Tagged With cooking
For nearly a decade, the best thing on YouTube has been Cooking With Dog. Its conceit was strange and delightful. Chef (a middle-aged Japanese woman whose name is never revealed) cooked beautiful, intricate food, while her trusty dog sidekick Francis sat on the counter, "narrating" the recipes in English.
We first covered Rahul Agarwal's Polygon measuring spoon a couple of years ago. Made from a flat piece of etched plastic, it folds into a measuring spoon of various capacities depending on how you hold it. Now the Polygon is finally becoming a reality through Kickstarter, so you can soon make your drawers sightly less cluttered.
Hannibal may be gone from the airwaves, but it's forever in our hearts, our nightmares and on our dinner tables — thanks to Feeding Hannibal: A Connoisseur's Cookbook, a recipe collection is curated by the show's food stylist, Janice Poon. And you don't even need an appetite for human flesh to enjoy it.
I don't really think pizza needs any more toppings beyond some sauce (preferably marinara) and some cheese (preferably mozzarella) but if you're one of those weirdos who enjoys silly things on their pizza like cauliflower, grapes, potatoes, and shrimp, you're gonna love this video where ten wacky pizzas get baked right in front of you. Actually, even if you don't like complicated pizzas, you'll still enjoy watching the video because it feels like you're tripping out as they morph into each other.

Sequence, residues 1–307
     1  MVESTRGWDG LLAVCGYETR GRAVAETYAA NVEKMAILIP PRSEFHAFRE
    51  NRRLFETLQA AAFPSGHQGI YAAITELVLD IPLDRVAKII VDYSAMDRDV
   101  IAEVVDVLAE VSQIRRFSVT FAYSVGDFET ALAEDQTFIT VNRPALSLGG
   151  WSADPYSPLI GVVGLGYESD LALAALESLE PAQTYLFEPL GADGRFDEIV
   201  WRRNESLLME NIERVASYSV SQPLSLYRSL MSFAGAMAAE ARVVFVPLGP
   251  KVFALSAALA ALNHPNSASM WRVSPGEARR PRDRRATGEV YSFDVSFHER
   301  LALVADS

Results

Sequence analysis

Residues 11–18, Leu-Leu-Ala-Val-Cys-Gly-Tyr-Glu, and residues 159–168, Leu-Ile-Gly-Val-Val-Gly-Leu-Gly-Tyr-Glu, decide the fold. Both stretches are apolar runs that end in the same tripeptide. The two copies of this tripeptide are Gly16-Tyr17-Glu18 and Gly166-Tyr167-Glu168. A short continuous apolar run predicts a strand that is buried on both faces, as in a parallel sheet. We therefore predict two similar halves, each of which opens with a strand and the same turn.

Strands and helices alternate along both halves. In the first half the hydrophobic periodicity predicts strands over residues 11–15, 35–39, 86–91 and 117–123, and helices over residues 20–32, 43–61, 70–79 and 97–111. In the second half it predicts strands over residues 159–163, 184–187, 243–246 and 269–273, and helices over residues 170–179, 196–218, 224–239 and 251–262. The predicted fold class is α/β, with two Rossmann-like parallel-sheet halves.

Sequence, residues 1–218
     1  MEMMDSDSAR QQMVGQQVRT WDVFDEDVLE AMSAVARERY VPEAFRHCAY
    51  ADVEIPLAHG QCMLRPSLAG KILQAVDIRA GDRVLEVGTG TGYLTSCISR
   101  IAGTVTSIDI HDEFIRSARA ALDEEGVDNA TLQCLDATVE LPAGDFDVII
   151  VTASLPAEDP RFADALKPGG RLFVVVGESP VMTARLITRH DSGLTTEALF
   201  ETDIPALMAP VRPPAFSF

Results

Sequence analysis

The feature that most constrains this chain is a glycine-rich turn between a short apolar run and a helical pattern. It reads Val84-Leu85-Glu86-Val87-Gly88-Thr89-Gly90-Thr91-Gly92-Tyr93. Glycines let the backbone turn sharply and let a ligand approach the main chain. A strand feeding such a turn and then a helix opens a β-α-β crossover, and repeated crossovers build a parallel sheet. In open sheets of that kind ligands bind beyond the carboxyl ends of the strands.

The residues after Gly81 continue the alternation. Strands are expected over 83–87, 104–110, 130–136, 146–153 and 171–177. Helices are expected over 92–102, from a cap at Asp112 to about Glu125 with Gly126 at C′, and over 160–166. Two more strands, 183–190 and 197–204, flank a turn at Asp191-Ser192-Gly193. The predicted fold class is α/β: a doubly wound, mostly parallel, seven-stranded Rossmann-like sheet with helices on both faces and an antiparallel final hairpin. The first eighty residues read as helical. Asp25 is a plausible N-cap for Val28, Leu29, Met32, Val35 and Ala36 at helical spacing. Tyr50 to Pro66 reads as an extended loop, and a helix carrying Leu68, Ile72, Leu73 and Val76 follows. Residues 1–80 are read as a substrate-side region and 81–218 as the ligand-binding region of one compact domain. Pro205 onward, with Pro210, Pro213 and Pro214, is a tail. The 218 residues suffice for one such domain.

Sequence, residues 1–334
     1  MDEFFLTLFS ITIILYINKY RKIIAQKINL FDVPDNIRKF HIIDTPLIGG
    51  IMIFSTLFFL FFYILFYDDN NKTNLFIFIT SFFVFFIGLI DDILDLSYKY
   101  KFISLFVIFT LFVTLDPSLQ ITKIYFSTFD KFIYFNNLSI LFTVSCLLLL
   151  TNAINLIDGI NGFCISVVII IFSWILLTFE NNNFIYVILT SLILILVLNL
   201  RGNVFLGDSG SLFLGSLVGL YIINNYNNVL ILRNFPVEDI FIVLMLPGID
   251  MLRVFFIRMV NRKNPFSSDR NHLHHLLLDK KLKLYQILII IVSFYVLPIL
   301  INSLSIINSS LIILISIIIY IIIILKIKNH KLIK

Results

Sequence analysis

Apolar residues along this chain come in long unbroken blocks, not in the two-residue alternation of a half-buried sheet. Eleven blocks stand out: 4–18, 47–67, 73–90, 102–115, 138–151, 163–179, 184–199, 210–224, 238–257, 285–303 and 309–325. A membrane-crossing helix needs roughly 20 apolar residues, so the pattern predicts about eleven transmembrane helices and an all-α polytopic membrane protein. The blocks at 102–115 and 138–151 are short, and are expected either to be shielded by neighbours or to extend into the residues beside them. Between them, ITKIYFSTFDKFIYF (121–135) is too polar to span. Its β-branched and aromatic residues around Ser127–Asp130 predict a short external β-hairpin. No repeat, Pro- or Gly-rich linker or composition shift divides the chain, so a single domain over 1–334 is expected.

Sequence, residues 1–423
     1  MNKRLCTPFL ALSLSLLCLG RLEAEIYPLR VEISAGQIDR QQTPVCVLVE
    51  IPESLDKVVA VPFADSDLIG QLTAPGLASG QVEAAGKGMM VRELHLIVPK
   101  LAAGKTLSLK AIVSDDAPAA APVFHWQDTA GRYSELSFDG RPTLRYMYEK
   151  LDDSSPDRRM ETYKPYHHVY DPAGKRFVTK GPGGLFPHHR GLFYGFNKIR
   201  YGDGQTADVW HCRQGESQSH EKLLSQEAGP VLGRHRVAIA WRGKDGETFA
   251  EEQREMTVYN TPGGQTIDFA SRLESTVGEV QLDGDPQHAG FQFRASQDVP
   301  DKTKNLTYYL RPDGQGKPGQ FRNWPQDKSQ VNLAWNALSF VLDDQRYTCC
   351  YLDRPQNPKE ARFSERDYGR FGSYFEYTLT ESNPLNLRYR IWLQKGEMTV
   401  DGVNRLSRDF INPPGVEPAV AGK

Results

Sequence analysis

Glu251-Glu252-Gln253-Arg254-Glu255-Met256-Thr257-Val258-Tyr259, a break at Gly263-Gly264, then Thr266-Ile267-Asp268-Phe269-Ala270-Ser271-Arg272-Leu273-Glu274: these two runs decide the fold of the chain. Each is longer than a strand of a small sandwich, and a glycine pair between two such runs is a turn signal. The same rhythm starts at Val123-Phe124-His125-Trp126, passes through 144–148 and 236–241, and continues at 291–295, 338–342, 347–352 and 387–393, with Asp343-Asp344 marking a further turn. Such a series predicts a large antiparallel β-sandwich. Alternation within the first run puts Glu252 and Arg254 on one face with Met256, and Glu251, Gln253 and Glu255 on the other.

Video: J. Kenji Lopez-Alt, even within the realm of professional chefs, is an absolute madman. Even his midnight snacks are more involved than most people's date-night dinners. Behold his latest creation: Ribby McRibface.
Video: James Kenji Lopez-Alt is a chef and food writer. He's been called the "nerd king of cooking" and he's done plenty to earn that title. Unlike us plebs who pour a bowl of cereal, when Kenji gets a bit peckish in middle of the night, magic happens. The man's half-asleep dishes are better than what most of us can whip up at our best.
The unfortunate truth of peering into our collective past is that eventually, something intolerant rears its head. For example, this pancake recipe found and cooked by 18th century cooking aficionado Jonathan Townsend doesn't call the griddle treats pancakes at all — they're "Indian slapjacks."
Video: Creating Mochi, a chewy Japanese dessert made from sticky mochigome rice, requires the ingredients to be first thoroughly pounded into a thick paste. You can use a machine to do it, or like these Japanese chefs, you can risk a broken finger by pounding it manually in a flawlessly choreographed routine.